What is it about your job that you feel would surprise the public?
The sheer variety of what is involved. No day is the same and can cover everything from big strategic decisions about services to matters of very fine detail that impact on the lives of individuals. I think most people would also be surprised by the complexity of the health and care system!
What’s been the biggest change you’ve seen since you started working in the NHS and social care?
Things are fundamentally different from how they were in 1990. Back then people waited years for treatment, there was no system of clinical governance or quality guidelines at a national level and the estate was crumbling. The focus was also very much on episodic care rather than long-term condition management, frailty and joining up services, and outcomes for big killers like cancer, cardiac and vascular disease were much worse. Things are much better today.
If you could make one change to the NHS and social care over the next 10 years, what would it be?
To really make the NHS and care system a great place to work. We need to get people to work in it and recognise the huge number of opportunities available across a broad range of careers. They need to feel able to drive and own the changes that we need to make, by working together and with families, carers and services users.
Change from the top
If you could give Matt Hancock one piece of advice, what would it be?
Devolving as much power as possible to the front line is the only way to deliver the modern health and care system.
What do you wish people at the top of the NHS understood?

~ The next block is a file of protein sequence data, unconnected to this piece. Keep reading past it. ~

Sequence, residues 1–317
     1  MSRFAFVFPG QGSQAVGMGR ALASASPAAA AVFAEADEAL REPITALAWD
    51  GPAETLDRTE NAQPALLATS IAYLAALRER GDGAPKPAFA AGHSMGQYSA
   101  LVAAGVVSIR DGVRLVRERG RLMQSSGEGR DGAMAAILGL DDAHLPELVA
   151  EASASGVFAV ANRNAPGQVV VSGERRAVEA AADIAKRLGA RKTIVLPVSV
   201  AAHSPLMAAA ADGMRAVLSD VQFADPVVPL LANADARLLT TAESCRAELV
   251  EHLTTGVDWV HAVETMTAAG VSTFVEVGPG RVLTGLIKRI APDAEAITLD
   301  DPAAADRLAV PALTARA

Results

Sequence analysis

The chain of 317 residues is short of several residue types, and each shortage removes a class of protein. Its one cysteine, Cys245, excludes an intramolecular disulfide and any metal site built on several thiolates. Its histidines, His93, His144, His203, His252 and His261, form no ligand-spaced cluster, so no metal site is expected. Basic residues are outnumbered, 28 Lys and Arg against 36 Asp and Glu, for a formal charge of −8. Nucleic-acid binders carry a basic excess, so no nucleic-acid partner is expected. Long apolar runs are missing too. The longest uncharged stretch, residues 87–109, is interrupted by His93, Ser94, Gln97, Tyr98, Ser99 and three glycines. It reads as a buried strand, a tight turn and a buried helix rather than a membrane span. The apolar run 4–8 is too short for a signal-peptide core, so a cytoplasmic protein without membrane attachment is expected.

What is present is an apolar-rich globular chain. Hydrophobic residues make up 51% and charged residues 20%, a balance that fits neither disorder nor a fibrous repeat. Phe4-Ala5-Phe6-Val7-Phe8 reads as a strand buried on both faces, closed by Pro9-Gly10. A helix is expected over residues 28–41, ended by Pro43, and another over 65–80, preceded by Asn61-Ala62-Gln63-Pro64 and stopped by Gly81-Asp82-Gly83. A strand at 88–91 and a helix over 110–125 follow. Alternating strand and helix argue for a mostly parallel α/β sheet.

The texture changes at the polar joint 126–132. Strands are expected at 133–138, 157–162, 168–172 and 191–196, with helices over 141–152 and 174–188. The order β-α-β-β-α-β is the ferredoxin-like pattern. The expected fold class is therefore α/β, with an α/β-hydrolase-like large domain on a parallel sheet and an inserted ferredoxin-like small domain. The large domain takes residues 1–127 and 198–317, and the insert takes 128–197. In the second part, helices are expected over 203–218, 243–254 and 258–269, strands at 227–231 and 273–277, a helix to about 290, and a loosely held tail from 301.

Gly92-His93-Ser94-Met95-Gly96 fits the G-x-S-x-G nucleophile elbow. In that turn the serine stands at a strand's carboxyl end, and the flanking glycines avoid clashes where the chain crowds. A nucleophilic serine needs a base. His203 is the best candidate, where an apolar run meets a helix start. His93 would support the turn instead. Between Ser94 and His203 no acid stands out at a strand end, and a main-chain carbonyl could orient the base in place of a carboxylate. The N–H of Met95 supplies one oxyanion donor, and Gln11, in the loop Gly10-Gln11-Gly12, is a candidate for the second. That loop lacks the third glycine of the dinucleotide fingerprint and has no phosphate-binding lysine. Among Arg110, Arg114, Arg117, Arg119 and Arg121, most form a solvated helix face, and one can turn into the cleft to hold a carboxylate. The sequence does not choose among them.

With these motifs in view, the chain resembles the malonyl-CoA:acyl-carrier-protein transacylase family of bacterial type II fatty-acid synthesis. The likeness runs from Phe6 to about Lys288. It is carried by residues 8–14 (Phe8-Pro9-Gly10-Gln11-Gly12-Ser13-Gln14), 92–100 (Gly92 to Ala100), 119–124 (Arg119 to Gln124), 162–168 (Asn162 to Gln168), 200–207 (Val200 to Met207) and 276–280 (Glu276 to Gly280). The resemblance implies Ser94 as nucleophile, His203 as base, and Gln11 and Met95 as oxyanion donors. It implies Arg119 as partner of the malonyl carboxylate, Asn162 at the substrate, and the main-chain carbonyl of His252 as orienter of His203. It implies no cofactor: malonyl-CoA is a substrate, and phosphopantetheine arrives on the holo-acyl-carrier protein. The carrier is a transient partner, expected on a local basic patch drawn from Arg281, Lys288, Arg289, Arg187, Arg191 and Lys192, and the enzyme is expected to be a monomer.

That the NHS is made of people, not structures. The role of those at the top is to facilitate and create the conditions for staff to succeed by creating good collaboration at all levels of the system, from Whitehall to the town hall. When we do this magic happens, because we have some of the best and most committed people in the country.
Policy in practice
What policy have you seen successfully implemented, and why did it work?
The drive to reduce waiting times in the NHS in the late 1990s and 2000s. It worked because of the right alignment of political leadership, planning, incentives, investment, performance and regulation. It genuinely transformed care and the experience of people across the country.
What policy have you seen fail, or not be as successful as first intended?
Improving access to general practice. We used to have a genuine improvement methodology for improving access, which was only partially implemented. A performance approach was subsequently used and led to the “call at 8am” system many people endure today.
What policy and/or change in behaviour are you currently trying to implement, and how’s it going?
The move to an integrated care system in West Yorkshire and Harrogate. I think it’s going very well because we have spent time on the relationships between leaders in councils, the NHS and our communities. Alongside this we’ve got good governance and we’re working on big issues like mental health, urgent care, cancer, loneliness and supporting carers. Our success is obvious in the visible improvements we are making to care and in the sense of collective leadership that we’ve created.
The NHS is under pressure because...
It needs a coherent plan across a broader health and care system, with enough staff and money to implement it. We’re on our way to delivering this but aren’t there yet.
Rob Webster is the Chief Executive of South West Yorkshire Partnership NHS Foundation Trust.